Happenings around the world are all clear indications that these millennia-old prophecies are being fulfilled. Let’s think about the continuous insurgencies around the Middle East. You don’t want to talk about the various uprisings in many parts of Europe, Asia and the Pacific, do you? How about the unending United States versus many Nations palaver! Is it not mystifying that despite the peacekeeping efforts of the United Nations and several hundreds of Intergovernmental and Nongovernmental Organisations, no violent conflict has (according to the World Fact Book) completely ended since 1922? And now, one wonders if world peace is not but an everlasting dream when “the US, and not North Korea is now the threat to world peace”. I didn’t say that, John Pilger did.
The sporadic attacks by the Boko Haram Terrorists in the North-East, the intermittent revolts by the Niger-Delta Militants alongside the numerous protracted inter-communal, interreligious and inter-tribal violent conflicts around the country are proofs that Nigeria is at war against itself. And as pathetic as this may sound, the government is yet to truly address the root causes of neither of these conflicts. So, technically, what we have is negative peace—which unlike positive peace implies sitting on gun powder. I am not prophesying doom but the truth must be told. After all, the powerful people feting on the nation’s instability haven’t repented, have they?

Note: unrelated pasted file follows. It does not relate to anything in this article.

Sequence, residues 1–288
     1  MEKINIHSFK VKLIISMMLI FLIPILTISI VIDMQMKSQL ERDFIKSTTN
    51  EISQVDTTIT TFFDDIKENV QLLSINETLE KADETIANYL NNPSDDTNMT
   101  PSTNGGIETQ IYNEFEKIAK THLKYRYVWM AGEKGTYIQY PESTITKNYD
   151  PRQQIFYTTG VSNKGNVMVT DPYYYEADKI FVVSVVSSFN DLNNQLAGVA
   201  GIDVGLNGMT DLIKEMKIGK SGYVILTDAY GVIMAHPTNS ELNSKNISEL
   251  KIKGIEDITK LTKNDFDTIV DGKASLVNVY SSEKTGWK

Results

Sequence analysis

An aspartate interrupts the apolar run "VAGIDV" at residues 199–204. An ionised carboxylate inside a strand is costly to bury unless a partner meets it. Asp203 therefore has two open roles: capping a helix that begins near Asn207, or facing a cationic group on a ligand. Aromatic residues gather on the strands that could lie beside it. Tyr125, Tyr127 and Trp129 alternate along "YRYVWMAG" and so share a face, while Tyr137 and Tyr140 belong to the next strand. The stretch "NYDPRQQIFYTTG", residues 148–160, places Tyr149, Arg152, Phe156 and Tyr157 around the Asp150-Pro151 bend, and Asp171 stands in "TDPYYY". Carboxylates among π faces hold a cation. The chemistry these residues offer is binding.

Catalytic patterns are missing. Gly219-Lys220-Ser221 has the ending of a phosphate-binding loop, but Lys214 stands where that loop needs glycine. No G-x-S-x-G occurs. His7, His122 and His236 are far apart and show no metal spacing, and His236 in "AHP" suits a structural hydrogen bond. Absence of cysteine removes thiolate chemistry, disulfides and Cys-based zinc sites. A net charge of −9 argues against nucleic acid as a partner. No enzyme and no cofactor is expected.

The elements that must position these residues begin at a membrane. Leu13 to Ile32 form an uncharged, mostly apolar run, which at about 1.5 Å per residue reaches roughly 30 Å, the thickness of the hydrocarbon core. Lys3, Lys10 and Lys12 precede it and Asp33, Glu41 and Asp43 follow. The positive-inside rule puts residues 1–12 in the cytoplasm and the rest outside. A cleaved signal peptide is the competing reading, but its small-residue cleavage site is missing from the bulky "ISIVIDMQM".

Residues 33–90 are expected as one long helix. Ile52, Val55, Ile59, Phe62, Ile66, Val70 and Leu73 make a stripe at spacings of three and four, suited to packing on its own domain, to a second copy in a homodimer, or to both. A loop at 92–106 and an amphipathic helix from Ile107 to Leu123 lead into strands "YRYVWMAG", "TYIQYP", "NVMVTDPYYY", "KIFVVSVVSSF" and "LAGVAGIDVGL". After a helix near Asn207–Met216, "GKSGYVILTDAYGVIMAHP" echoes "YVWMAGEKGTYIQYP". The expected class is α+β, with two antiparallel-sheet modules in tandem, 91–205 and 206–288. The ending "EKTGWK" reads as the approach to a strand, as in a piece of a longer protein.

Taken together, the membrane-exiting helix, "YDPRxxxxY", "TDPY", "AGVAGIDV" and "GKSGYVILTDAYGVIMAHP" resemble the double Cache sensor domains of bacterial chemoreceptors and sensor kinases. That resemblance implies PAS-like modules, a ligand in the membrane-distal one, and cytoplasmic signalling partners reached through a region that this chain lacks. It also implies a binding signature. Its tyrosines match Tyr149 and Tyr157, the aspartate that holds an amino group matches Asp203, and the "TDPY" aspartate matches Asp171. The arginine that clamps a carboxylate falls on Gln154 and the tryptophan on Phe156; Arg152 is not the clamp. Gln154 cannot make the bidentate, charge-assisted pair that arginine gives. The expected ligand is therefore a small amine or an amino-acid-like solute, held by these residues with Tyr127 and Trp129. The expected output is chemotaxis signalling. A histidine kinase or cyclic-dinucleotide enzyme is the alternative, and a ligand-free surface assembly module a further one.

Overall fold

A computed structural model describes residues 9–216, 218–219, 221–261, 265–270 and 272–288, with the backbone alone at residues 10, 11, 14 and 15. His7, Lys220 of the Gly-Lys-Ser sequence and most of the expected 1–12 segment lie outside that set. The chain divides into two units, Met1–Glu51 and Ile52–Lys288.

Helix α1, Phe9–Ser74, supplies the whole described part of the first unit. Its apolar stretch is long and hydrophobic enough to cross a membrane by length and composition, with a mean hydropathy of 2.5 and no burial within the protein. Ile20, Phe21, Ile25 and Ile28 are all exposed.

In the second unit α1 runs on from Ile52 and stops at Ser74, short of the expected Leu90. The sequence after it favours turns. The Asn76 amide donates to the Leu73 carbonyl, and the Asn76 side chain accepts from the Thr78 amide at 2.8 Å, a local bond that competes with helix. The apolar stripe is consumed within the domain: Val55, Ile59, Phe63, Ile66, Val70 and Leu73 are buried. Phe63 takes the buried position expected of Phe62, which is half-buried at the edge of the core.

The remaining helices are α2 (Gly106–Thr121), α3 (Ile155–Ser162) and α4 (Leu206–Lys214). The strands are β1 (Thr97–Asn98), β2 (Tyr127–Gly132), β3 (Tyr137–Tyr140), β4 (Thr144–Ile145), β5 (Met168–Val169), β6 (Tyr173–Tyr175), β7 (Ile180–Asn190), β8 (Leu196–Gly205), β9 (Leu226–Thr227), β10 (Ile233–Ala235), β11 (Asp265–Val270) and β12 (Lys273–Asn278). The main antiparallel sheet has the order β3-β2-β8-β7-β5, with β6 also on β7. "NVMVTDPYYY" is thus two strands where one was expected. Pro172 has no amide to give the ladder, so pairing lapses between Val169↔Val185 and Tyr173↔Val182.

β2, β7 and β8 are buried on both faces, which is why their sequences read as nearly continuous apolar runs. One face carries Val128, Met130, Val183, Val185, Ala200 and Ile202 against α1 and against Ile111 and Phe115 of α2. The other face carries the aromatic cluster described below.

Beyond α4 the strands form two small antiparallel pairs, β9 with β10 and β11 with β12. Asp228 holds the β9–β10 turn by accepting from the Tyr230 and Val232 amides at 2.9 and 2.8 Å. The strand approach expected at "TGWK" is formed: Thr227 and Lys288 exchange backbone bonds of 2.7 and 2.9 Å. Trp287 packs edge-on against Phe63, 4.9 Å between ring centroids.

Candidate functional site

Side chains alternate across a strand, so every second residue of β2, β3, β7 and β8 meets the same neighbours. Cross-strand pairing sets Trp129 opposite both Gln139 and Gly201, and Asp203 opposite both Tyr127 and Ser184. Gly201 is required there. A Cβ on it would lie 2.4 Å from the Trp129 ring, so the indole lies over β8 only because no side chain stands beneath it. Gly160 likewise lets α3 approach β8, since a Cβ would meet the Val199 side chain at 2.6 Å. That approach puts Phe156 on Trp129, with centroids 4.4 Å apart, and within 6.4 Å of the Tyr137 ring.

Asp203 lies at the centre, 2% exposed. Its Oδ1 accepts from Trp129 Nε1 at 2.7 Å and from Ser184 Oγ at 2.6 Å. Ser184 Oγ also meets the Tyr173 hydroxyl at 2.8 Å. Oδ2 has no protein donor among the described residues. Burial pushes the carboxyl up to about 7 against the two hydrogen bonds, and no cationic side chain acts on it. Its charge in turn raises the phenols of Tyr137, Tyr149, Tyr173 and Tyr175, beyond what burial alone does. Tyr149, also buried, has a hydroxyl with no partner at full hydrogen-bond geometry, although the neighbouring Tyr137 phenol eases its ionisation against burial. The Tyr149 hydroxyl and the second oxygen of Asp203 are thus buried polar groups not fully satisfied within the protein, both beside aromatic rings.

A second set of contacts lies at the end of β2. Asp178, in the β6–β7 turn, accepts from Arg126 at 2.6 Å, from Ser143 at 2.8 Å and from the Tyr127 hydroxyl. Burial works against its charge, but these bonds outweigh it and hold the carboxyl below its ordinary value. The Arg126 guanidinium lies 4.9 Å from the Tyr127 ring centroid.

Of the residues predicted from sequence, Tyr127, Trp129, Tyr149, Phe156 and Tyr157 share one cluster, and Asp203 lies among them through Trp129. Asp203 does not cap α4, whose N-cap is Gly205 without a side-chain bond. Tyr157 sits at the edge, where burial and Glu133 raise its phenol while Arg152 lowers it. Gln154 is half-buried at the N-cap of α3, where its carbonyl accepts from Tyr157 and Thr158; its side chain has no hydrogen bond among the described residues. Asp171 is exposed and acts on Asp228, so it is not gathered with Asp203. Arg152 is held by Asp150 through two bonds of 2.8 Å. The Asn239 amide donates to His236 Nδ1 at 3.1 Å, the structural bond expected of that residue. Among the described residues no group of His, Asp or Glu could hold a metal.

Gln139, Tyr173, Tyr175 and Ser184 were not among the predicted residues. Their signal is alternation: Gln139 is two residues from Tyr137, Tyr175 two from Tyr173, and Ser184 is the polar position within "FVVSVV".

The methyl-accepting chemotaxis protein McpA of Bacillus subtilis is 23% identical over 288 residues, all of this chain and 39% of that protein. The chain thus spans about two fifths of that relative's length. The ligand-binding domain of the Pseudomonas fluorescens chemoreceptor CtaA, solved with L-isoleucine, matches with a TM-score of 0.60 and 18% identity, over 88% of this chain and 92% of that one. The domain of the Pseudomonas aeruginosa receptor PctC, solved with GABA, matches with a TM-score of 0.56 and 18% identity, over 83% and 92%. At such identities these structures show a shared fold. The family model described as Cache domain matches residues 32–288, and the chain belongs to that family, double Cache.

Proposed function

You would agree with me that truly, many things have gone awry in the Nigerian society. While the education sector remains crisis-ridden, our roads are still death traps even as electricity supply remains epileptic. Don’t even talk about water! Quality and affordable healthcare is a no go area. Is unemployment not on a daily ascension? Citizens are more than competing for resources freely and abundantly endowed the nation by the Almighty. The giant of Africa, now a demeaned nation for which superpowers have little or no respect! The salvager of other African countries can’t even guarantee the security of its own people anymore. Toddlers now refer to my Nigeria as a chaotic, unsafe, and filth-infested nation where the common belief is, “No one can succeed in anything without being dishonest or deficient of integrity”.